Texan1211
Professor Principal
3.2.5  Texan1211  replied to  TᵢG @3.2    6 days ago

It's too h-a-r-d seems like a very poor excuse for Democrats.

 
 
 
GregTx
Professor Guide
3.2.6  seeder  GregTx  replied to  Right Down the Center @3.2.4    6 days ago

Of course they have, all the while crying about the other party.... fucking ridiculous 

 
 
 
TᵢG
Professor Principal
3.2.7  TᵢG  replied to  Texan1211 @3.2.5    6 days ago

It is a well established fact that a party will defer to the wishes of the incumbent regarding his reelection.

 
 
 
Right Down the Center
Senior Guide
3.2.8  Right Down the Center  replied to  TᵢG @3.2.7    6 days ago

That is nothing but a lame excuse.  It does not have to be done. There has never been an incumbent as incapacitated as joe.

 
 
 
GregTx
Professor Guide
3.2.9  seeder  GregTx  replied to  TᵢG @3.2.7    6 days ago

If they're willing to do that when the incumbent has a hard time articulating words then they might be putting party over country.....

Just saying...

 
 
 
Right Down the Center
Senior Guide
3.2.10  Right Down the Center  replied to  GregTx @3.2.9    6 days ago

Exactly. 

 
 
 
JohnRussell
Professor Principal
3.2.11  JohnRussell  replied to  GregTx @3.2.9    6 days ago
If they're willing to do that when the incumbent has a hard time articulating words then they might be putting party over country..... Just saying...

Trump usually articulates words (but not always) but the issue is what he is articulating. 

 
 
 
Texan1211
Professor Principal
3.2.12  Texan1211  replied to  JohnRussell @3.2.11    6 days ago

Yeah, both guys produce some wonderful word salads.

 
 
 
Texan1211
Professor Principal
3.2.13  Texan1211  replied to  TᵢG @3.2.7    6 days ago
It is a well established fact that a party will defer to the wishes of the incumbent regarding his reelection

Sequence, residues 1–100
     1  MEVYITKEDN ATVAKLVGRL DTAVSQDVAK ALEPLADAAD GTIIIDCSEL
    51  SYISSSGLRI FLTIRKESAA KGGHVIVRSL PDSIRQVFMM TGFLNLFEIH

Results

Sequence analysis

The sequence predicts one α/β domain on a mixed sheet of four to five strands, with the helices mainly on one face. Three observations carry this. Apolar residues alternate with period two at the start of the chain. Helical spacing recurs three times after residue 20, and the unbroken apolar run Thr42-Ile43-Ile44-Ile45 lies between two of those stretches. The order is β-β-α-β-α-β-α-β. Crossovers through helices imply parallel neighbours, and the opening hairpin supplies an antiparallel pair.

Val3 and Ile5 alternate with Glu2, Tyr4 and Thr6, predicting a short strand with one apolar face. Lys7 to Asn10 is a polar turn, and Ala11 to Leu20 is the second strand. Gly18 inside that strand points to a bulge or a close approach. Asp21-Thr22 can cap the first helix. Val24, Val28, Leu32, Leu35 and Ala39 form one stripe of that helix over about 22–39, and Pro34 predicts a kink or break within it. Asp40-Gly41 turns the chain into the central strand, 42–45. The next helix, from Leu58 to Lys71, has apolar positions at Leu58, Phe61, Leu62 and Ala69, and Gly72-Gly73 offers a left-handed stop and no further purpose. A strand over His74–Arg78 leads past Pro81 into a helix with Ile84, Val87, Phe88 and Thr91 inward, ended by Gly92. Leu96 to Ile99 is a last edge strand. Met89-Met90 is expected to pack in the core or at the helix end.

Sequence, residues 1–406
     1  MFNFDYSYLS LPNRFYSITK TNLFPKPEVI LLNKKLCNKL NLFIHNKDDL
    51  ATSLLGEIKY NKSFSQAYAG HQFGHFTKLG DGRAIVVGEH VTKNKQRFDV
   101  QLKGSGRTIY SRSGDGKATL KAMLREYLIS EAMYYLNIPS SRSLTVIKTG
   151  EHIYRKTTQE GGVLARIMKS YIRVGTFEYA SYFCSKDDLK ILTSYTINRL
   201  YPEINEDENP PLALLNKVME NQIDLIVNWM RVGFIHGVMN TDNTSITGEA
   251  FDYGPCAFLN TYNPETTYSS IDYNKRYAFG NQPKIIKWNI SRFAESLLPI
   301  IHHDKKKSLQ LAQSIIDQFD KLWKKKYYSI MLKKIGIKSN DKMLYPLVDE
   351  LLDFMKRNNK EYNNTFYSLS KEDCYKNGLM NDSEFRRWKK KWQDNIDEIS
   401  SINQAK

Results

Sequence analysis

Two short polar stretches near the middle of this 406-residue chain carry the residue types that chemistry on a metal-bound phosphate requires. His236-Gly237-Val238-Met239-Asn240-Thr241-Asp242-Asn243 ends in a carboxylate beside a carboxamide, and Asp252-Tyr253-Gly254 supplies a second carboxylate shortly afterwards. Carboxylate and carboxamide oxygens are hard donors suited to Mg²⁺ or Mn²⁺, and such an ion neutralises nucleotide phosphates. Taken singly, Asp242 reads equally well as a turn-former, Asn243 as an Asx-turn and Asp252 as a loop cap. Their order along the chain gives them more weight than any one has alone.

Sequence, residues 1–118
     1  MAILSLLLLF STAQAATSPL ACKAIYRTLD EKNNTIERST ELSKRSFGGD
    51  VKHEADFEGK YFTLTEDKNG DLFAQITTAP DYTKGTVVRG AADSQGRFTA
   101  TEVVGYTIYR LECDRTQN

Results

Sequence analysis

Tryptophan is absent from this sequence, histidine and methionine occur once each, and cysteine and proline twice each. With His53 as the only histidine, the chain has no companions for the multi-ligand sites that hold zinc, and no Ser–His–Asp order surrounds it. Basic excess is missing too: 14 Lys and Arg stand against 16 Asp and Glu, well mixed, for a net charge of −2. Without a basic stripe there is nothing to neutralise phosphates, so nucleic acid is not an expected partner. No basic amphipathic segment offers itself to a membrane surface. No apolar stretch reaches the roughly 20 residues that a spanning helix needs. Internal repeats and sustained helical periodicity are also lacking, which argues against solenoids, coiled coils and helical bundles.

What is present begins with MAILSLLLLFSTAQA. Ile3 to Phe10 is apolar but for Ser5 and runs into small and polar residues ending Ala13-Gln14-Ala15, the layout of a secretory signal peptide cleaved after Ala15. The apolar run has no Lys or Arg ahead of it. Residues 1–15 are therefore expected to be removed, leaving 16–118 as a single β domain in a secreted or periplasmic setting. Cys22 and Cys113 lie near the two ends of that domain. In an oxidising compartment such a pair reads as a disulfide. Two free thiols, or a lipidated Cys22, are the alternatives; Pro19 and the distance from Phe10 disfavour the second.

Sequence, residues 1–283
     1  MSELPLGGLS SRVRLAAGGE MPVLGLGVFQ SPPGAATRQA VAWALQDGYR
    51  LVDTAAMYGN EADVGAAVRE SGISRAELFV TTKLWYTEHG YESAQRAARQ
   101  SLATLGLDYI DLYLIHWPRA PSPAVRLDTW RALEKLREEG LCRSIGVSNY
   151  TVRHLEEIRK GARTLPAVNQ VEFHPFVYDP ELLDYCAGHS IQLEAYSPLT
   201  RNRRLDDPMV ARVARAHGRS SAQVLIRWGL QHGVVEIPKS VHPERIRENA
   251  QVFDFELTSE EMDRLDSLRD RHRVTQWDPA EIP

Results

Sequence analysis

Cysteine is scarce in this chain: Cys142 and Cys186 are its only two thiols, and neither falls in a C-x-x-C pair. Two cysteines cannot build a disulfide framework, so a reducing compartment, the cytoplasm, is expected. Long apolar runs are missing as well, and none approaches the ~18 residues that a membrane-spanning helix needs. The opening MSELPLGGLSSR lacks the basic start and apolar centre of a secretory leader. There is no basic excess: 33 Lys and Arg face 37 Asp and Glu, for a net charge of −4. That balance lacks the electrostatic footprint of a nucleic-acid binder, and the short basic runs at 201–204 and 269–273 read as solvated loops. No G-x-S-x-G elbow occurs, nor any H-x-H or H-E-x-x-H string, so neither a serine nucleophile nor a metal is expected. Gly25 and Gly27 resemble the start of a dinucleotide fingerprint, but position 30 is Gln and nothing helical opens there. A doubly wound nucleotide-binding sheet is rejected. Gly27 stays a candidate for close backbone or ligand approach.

Right, and that makes it hard, right, like I just said!

 
 
 
GregTx
Professor Guide
3.2.14  seeder  GregTx  replied to  JohnRussell @3.2.11    6 days ago
I don't disagree, nor has that been the point of any of my posts.
 
 
 
Sean Treacy
Professor Principal
3.2.15  Sean Treacy  replied to  TᵢG @3.2.7    6 days ago

Except all the the times the party has not deferred 

 
 
 
Drinker of the Wry
Senior Expert
3.2.16  Drinker of the Wry  replied to  JohnRussell @3.2.11    6 days ago

David Axelrod:
The president is rightfully proud of his record.
But he is dangerously out-of-touch with the concerns people have about his capacitiies moving forward and his standing in this race. 
Four years ago at this time, he was 10 points ahead of Trump.
Today, he is six points behind.

 
 
 
Texan1211
Professor Principal
3.2.17  Texan1211  replied to  Right Down the Center @3.2.8    6 days ago

Well, no, there hasn't been.

But some can not look at Biden for himself and his actions.

 
 
 
Texan1211
Professor Principal
3.2.18  Texan1211  replied to  GregTx @3.2.9    6 days ago

The excuse will be used by Dems that they are saving democracy!

 
 
 
GregTx
Professor Guide
3.2.19  seeder  GregTx  replied to  Texan1211 @3.2.18    6 days ago

Mmmmm, which begs the question, how are they saving democracy by putting it in the hands of someone so incapable?

 
 
 
TᵢG
Professor Principal
3.2.20  TᵢG  replied to  Right Down the Center @3.2.8    6 days ago

You just illustrated your failure to understand history and the mechanics of a political party.